Fiona Hill Took Over Thursday’s Impeachment Hearing. That Was Bad for Trump.

Sondland pursued “a domestic political errand” for Trump, Hill testifies.

Fiona Hill, the National Security Council’s former senior director for Europe and Russia testifies before the House Intelligence Committee in the Longworth House Office Building on November 21, 2019.Chip Somodevilla/Getty Images

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Fiona Hill, the National Security Council’s former top Russia expert, admitted on Thursday afternoon that she had been unfair to Gordon Sondland, the ambassador to the European Union who pushed Ukraine to open investigations that would be harmful to his President Donald Trump’s opponents. But in explaining how, Hill offered a withering depiction of Sondland and a damning take on Trump’s approach to Ukraine.

“What I was angry with is that he wasn’t coordinating with us,” Hill said after a question from Republican lawyer Stephen Castor, describing a testy encounter she had with Sondland last summer. She then explained that she has since realized that Sondland—who was briefing Trump, White House Chief of Staff Mick Mulvaney and Secretary of State Mike Pompeo on his efforts—“wasn’t coordinating with” the National Security Counsel “because we weren’t doing the same thing,” she said.

“He was being involved in a domestic political errand, and we were being involved in national security foreign policy,” she added.

To be clear, this is not a kind description of Sondland or the president’s actions. And it is striking that Hill’s testimony came in response to questions from Republicans attempting to drive lines of inquiry helpful to Trump. But the British-born Hill effectively took control, elaborating without interruption on subjects damaging to the president.

Hill said, quite clearly, that Sondland, at Trump’s behest, had sidestepped official, purposefully nonpartisan US foreign policy organs so that he could more effectively try to hijack US policy toward Ukraine to help Trump pursue domestic political aims.

Sondland complained at the time that the NSC was was “always trying to block him,” Hill said. “What we were trying to do was always trying to block us from straying into domestic or personal politics. And that was precisely what I was trying to do. But Ambassador Sondland is not wrong that he had been given a different remit than we had been.”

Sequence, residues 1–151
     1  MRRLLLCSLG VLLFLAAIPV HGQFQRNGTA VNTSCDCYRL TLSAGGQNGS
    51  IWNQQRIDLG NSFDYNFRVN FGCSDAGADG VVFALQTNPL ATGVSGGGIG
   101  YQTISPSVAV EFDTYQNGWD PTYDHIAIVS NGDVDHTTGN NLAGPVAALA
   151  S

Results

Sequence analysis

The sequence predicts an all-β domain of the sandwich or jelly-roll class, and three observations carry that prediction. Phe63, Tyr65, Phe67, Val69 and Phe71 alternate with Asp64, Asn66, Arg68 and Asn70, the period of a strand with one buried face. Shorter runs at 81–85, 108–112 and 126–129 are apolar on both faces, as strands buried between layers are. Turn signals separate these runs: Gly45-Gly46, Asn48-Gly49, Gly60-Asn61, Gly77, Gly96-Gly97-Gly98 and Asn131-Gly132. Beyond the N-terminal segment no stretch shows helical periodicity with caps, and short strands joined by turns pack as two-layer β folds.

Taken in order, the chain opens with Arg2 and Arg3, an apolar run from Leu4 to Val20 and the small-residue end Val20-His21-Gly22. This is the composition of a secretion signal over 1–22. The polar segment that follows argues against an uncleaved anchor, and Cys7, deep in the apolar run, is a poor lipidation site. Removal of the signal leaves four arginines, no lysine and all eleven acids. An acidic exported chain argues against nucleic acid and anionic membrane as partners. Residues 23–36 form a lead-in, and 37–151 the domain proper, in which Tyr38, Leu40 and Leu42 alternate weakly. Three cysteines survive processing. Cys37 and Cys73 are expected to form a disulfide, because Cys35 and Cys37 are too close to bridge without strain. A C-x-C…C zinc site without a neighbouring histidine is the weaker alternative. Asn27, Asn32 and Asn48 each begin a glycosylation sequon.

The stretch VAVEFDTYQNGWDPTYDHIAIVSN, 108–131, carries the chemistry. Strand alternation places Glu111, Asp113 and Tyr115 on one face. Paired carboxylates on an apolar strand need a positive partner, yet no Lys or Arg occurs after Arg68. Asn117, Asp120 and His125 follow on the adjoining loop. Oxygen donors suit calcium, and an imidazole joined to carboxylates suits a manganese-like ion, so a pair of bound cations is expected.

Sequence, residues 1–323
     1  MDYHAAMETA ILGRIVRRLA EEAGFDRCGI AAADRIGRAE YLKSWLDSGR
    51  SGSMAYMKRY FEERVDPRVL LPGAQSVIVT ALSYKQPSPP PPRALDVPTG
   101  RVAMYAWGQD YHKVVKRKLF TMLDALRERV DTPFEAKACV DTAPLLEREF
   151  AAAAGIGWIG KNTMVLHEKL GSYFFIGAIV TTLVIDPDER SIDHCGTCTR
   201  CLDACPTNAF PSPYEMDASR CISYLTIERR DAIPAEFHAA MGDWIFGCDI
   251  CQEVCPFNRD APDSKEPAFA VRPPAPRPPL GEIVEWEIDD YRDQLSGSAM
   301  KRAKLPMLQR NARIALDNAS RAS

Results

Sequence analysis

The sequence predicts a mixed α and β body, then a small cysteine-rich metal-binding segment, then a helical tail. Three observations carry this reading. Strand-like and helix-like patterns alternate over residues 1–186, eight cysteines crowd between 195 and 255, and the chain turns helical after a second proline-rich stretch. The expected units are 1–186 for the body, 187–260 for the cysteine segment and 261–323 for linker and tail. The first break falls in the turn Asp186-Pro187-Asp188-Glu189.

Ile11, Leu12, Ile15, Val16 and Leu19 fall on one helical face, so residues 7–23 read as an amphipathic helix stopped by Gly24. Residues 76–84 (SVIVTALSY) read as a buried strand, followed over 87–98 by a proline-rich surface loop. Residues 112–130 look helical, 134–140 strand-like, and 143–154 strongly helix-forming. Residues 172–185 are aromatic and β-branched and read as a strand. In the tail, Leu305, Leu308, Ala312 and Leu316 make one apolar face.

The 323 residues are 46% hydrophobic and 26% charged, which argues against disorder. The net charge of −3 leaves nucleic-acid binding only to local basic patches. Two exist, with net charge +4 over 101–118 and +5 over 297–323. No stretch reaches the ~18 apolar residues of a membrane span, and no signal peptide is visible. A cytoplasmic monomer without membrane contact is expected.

During the impeachment hearings, Republicans have tried to argue that Trump’s to request that Ukraine announce investigations damaging to his political opponents reflected legitimate policy concern or Trump’s general dislike of corruption abroad. But Rep. Devin Nunes, (R-Calif.) the top Republican on the Intelligence Committee, accidentally helped Hill demolish his own party’s talking point by pressing her further on her concerns about Sondland’s activity, trying to establish that he was duly acting under the president’s authority.

“At the end of the day, isn’t it the commander and chief that makes those decisions?” Nunes asked.

“My point, Mr. Nunes, is that we are the National Security Council were not told by the president, directly or through Ambassador Bolton, that we were to be focused on these issues as a matter of U.S. policy toward Ukraine,” Hill explained. In fact, she said, “I was given a directive to clearly state that I should stay out of politics.”

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REAL QUICK, REAL URGENT

Minority rule, corruption, disinformation, attacks on those who dare tell the truth: There is a direct line from what's happening in Russia and Ukraine to what's happening here at home. And that's what MoJo's Monika Bauerlein writes about in "Their Fight Is Our Fight" to unpack the information war we find ourselves in and share a few examples to show why the power of independent, reader-supported journalism is such a threat to authoritarians.

Corrupt leaders the world over can (and will) try to shut down the truth, but when the truth has millions of people on its side, you can't keep it down for good. And there's no more powerful or urgent argument for your support of Mother Jones' journalism right now than that. We need to raise about $450,000 to hit our online fundraising budget in these next few months, so please read more from Monika and pitch in if you can.

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